Bone, although strong, is a constantly changing tissue that has several functions. Bones serve as rigid structures to the body and as shields to protect delicate internal organs. They provide housing for the bone marrow, where the blood cells are formed. Bones also maintain the body's reservoir of calcium. In children, some bones have areas called growth plates. Bones lengthen in these areas until the child reaches full height, at which time the growth plates close. Thereafter, bones grow in thickness rather than in length, based on the body's need for additional bone strength in certain areas.
Bones have two shapes: flat (such as the plates of the skull and the vertebrae) and tubular (such as the thighbones and arm bones, which are called long bones). All bones have essentially the same structure. The hard outer part (cortical bone) consists largely of proteins, such as collagen, and a substance called hydroxyapatite, which is composed mainly of calcium and other minerals. Hydroxyapatite is largely responsible for the strength and density of bones. The inner part of bones (trabecular bone) is softer and less dense than the hard outer part. Bone marrow is the tissue that fills the spaces in the trabecular bone. Bone marrow contains specialized cells (including stem cells) that produce blood cells. Blood vessels supply blood to the bone, and nerves surround the bone.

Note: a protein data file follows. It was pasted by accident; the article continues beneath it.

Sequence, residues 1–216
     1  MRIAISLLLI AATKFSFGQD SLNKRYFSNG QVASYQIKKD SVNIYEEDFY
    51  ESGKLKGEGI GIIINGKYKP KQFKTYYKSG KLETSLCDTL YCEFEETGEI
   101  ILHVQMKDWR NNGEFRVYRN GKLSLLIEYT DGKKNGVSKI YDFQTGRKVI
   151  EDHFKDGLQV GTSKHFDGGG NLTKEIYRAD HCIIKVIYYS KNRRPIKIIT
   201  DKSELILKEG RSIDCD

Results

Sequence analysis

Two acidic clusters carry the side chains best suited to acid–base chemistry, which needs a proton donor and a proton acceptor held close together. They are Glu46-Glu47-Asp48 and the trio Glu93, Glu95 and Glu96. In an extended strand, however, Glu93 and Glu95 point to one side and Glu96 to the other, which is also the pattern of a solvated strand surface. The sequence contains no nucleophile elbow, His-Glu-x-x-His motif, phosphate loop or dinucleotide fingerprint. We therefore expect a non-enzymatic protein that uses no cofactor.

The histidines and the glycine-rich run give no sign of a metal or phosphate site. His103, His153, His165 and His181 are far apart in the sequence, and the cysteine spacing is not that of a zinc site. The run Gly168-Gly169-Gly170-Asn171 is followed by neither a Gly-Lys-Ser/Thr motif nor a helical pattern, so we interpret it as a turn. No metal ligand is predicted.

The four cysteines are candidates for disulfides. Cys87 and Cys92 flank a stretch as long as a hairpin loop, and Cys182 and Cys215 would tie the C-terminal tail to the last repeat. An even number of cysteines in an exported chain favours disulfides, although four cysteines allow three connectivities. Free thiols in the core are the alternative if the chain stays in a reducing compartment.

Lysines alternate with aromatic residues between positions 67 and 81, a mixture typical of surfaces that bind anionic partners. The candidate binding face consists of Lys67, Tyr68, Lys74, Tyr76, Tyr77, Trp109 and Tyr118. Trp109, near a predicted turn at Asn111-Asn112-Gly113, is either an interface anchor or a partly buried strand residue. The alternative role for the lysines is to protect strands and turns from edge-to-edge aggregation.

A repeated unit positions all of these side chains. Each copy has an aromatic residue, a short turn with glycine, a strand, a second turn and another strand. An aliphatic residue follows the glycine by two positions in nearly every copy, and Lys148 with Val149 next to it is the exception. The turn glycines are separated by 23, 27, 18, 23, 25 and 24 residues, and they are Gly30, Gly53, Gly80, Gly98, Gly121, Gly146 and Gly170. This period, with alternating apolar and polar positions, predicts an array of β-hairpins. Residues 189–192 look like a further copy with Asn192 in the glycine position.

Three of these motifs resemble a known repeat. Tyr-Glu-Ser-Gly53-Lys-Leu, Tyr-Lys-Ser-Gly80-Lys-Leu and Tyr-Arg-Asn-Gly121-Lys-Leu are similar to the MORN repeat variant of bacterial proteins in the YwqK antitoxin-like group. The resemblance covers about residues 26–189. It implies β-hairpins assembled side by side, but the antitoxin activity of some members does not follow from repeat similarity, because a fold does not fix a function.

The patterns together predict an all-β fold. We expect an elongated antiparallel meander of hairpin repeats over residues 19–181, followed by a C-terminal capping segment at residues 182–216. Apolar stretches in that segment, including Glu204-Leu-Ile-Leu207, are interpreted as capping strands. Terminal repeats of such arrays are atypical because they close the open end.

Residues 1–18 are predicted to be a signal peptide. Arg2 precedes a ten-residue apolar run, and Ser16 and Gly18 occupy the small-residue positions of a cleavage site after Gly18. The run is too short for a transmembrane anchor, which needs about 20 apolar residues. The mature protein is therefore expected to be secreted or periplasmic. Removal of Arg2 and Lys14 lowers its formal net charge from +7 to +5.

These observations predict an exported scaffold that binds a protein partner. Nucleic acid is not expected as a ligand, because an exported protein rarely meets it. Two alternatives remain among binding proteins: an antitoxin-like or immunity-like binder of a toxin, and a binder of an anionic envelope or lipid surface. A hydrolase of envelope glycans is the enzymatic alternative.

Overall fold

Bones undergo a continuous process known as remodeling (see Osteoporosis). In this process, old bone tissue is gradually replaced by new bone tissue. Every bone in the body is completely reformed about every 10 years. To maintain bone density and strength, the body requires an adequate supply of calcium, other minerals, and vitamin D and must produce the proper amounts of several hormones, such as parathyroid hormone, growth hormone, calcitonin, estrogen, and testosterone. Activity (for example, weight-bearing exercises for the legs) helps bones strengthen by remodeling. With activity and optimal amounts of hormones, vitamins, and minerals, trabecular bone develops into a complex lattice structure that is lightweight but strong.
Bones are covered by a thin membrane called the periosteum. Injury to bone transmits pain because of nerves located mostly in the periosteum. Blood enters bones through blood vessels that enter through the periosteum.
Last full review/revision July 2007 by Pekka Mooar, MD